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Phillies, Astros momentum during 2022 World Series

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There were plenty of other superlatives used to describe that game, too, including this one, which we hear plenty of times throughout the year, especially in the postseason:

It shifted the momentum firmly in the Phillies’ favor.

Momentum. That thing that makes teams, riding the high of winning one of the most important games they’ll ever play, feel like they have the advantage. Good times are rolling. They can’t wait to return the next day.

Except there’s this: The next night, the Astros teed off on Zack Wheeler, and Framber Valdez shoved. The Astros won, rather handily.

Where did the momentum go from there?

After a travel day and a rainout, the Phillies rolled over Lance McCullers Jr., who gave up five home runs in Game 3 and looked completely overmatched by Philadelphia’s lineup. And just like that — poof! — momentum shifted back over to the Phillies …

You get the drift. Momentum is often talked about but rarely proven to be a thing. This year’s World Series may have just put this time-worn cliché to rest for good.

Except for one thing … not everyone thinks it’s all phooey.

Houston manager Dusty Baker sure doesn’t. He believes, to a degree, that momentum can exist from game to game. It’s what a player does with it after recognizing it’s there that matters to him.

“If you have a strong mind, you can handle that shift,” Baker said. “But if you’re not strong mentally, then you’ll carry yesterday into today, especially if it was negative. So I just say to my guys, if it was negative, if they had negative results, ‘Leave it back there.’ And if you have positive results, take them with you and then try to pretend that really is momentum.”

“Pretend” — interesting word choice. Is momentum something tangible that actually exists, or is it there purely to serve as either motivation when times are good, and comfort when things get tough?

The biggest argument during the current World Series against momentum having any real, well, momentum, may have presented itself overnight between the final out of the Astros’ combined no-no in Game 4 and how the Phillies opened up Game 5.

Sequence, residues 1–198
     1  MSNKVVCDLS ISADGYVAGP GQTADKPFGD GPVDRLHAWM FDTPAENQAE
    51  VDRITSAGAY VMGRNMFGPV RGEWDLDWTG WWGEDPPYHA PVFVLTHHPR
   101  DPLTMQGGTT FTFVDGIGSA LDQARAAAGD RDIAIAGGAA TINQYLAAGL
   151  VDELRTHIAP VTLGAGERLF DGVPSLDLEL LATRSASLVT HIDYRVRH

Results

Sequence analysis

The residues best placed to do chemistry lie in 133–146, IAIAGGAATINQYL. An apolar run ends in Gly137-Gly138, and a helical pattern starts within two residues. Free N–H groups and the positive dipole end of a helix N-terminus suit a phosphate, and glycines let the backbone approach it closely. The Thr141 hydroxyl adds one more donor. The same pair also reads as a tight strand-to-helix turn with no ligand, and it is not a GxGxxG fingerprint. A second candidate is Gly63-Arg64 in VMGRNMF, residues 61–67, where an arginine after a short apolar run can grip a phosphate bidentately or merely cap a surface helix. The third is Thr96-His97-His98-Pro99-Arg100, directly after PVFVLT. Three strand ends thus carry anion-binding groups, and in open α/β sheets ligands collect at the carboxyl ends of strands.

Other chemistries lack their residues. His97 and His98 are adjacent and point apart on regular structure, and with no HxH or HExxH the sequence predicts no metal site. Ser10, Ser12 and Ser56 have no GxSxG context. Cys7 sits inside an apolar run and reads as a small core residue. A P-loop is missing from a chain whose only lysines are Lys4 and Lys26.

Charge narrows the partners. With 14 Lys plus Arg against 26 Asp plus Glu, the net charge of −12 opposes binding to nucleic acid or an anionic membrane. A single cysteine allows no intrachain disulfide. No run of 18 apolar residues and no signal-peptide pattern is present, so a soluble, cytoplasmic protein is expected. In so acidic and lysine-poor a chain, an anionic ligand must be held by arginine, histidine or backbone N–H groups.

Leadoff man Kyle Schwarber, who rather forcefully put the no-hitter behind him soon after the final out was recorded, telling reporters “I really don’t give a [expletive],” backed that up the next night, when he led off with a home run off Justin Verlander.

The Phillies didn’t win the game, but the homer tied the game at 1. From there, neither team grabbed control. The Astros stranded seven baserunners; the Phillies topped that with 12. Houston won the game by a run. Neither team gave any strong indication that a breakthrough was coming.

In other words, there was no Astros momentum shift after accomplishing something that almost never happens during the postseason — no-hitting a lineup talented enough to have made it this far.

But again, managers — specifically, the two working this World Series — while not relying on the concept, don’t entirely push it aside.

Phillies manager Rob Thomson sees little validity to momentum being a thing that exists from game to game. But he does believe there’s something to in-game momentum.

Thomson noticed it in Game 1, when he turned to his biggest lefty weapon, José Alvarado, to replace Aaron Nola with one out in the fifth. Facing Verlander, the Phillies had clawed back from a 5-0 deficit to tie the game, and though it would mean the ‘pen would have to account for 5 2/3 innings (including the 10th), Thomson sensed at that instant, with Yordan Alvarez coming up, the game had shifted in their favor.

Thomson even used that word.

“I felt like we had gotten the momentum back in that game, and I didn’t want to lose it,” Thomson said.

The World Series moves back to Houston Saturday for Game 6 with the Astros leading, 3-2. If they win, perhaps there will be talk of momentum. There’s an argument that plenty was created by Chas McCormick and Trey Mancini’s spectacular defense in the end stages of Game 5.

Or, more realistically, a long day of travel will serve its purpose — as a reset for both clubs.

“In baseball, especially with our team, from game to game, I don’t think there’s much momentum for our club,” Thomson said. “Because we’ve had some tough games, and come back the next day and played extremely well. I can’t speak for anyone else’s club — but for our club, there is no momentum created from yesterday going into tomorrow’s game.”

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